The Periodic Labour Force Survey conducted by the NSSO shows that, of India’s labour force of 487 million, about 458 million are gainfully employed—i.e. 29 million of the labour force is unemployed, making for an unemployment rate of 6%. The NSSO jobs data reveals a few interesting aspects. While the labour force participation rate (PLFR) was 39.5% in June 2012, it came down to 36.95% in June 2018, which meant the number of unemployed increased by 18 million between 2012 and 2018, despite the number of people looking for jobs falling by 260bps over the period. What’s worse, the female labour force contracted by 13 million and the youth (15-29 years) PLFR fell by 650bps. The slide was more pronounced in rural areas.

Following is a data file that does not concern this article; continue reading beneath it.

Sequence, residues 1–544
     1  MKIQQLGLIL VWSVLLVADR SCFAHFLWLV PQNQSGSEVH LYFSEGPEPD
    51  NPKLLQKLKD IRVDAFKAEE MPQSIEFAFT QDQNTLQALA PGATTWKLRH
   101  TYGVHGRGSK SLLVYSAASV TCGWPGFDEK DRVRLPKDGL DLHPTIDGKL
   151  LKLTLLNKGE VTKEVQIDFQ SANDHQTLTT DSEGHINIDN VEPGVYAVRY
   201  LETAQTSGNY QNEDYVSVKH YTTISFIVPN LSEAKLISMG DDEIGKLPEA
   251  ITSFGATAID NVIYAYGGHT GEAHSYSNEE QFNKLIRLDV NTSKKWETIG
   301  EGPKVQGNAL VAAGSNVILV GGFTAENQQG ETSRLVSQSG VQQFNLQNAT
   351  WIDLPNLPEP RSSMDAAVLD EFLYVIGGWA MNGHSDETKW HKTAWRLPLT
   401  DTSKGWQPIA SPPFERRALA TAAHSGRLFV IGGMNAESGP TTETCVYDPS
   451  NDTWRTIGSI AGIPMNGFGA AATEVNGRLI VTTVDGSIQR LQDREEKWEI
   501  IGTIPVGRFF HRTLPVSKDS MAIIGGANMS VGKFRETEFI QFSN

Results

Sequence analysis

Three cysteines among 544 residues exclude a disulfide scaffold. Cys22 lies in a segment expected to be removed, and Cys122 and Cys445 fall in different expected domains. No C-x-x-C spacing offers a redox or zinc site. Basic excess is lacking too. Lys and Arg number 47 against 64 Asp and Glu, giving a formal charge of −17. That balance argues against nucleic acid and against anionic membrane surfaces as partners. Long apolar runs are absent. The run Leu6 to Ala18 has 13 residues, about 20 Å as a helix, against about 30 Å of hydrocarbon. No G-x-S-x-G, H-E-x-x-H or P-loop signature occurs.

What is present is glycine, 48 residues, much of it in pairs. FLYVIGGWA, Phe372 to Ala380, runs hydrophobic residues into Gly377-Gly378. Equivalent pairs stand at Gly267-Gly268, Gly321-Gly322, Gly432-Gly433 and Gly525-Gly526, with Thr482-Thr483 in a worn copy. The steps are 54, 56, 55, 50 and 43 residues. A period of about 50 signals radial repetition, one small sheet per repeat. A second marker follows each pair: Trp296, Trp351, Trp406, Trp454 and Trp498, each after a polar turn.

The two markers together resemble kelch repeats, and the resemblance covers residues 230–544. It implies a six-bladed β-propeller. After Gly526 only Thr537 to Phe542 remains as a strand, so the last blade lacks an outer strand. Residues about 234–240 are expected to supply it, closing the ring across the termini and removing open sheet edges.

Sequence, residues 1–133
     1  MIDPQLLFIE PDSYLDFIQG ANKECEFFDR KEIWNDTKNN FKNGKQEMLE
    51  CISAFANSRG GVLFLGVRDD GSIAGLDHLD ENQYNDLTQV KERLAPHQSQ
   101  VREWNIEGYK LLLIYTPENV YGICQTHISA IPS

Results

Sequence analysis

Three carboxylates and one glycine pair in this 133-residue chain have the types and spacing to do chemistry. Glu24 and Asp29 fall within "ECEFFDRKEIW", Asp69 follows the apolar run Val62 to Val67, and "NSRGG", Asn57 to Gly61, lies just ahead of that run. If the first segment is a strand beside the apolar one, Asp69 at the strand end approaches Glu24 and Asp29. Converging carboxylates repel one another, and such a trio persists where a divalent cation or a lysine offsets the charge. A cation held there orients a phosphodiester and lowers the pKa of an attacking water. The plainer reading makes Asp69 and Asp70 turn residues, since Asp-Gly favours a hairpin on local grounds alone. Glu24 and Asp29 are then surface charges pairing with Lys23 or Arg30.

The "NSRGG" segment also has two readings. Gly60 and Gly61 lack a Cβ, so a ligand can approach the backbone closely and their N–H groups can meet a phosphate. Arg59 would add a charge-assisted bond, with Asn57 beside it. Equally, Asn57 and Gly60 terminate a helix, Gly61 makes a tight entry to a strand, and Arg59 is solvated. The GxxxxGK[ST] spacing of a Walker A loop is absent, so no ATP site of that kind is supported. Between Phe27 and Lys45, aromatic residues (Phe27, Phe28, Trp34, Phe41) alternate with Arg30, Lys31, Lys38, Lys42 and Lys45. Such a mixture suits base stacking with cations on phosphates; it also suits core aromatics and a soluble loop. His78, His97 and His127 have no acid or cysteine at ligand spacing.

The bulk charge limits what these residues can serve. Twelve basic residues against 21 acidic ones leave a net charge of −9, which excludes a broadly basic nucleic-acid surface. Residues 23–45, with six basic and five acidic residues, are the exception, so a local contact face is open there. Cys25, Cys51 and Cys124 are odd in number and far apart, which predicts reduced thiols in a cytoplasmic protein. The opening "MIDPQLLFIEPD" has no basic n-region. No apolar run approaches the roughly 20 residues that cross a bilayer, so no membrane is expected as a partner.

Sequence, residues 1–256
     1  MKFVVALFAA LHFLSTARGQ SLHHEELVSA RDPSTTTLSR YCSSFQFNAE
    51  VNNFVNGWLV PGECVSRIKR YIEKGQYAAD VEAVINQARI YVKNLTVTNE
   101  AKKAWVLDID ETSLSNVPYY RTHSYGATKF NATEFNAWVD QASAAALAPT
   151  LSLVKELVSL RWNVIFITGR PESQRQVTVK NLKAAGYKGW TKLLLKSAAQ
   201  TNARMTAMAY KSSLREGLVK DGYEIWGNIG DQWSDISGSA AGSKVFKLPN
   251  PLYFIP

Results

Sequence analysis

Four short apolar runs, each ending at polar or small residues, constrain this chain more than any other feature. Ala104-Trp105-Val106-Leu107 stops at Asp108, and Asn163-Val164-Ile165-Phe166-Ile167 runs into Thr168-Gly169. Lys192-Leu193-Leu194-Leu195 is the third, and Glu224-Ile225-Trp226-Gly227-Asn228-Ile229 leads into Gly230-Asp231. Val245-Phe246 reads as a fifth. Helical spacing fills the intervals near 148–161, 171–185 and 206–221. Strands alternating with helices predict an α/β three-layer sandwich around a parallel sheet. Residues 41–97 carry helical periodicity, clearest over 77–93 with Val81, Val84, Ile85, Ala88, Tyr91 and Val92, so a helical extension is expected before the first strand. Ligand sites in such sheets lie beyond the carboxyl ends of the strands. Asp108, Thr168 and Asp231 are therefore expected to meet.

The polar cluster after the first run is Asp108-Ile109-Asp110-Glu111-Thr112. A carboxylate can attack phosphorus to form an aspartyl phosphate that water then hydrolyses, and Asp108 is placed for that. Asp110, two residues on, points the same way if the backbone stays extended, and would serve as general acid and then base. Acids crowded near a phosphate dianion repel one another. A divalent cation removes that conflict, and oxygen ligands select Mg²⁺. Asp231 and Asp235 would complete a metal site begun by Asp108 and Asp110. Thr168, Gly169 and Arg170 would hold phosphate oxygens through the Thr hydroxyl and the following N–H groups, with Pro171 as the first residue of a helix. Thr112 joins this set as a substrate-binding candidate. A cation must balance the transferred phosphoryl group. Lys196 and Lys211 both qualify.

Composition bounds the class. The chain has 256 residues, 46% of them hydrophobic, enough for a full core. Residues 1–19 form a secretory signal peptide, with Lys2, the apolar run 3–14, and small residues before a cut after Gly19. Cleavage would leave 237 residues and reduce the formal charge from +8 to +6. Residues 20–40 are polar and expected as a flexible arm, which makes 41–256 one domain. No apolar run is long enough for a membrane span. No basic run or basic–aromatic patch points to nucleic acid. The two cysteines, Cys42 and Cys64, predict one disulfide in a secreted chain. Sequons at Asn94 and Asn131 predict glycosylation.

One of the positives that the NSSO data throws up, as per a Kotak Institutional Equities analysis, is that though agriculture remains the main employment provider despite accounting for a relatively smaller share of the GVA, employment, particularly in rural areas, is moving away from it and towards services. A host of factors are likely responsible, from improved rural infrastructure to availability of credit. Another positive is the shrinking informal employment and the rising formal employment—while casual employment slid by 510bps, salaried employment rose by 480bps. A part of the slide in informal employment can perhaps be explained by the effects of the demonetisation and GST shocks.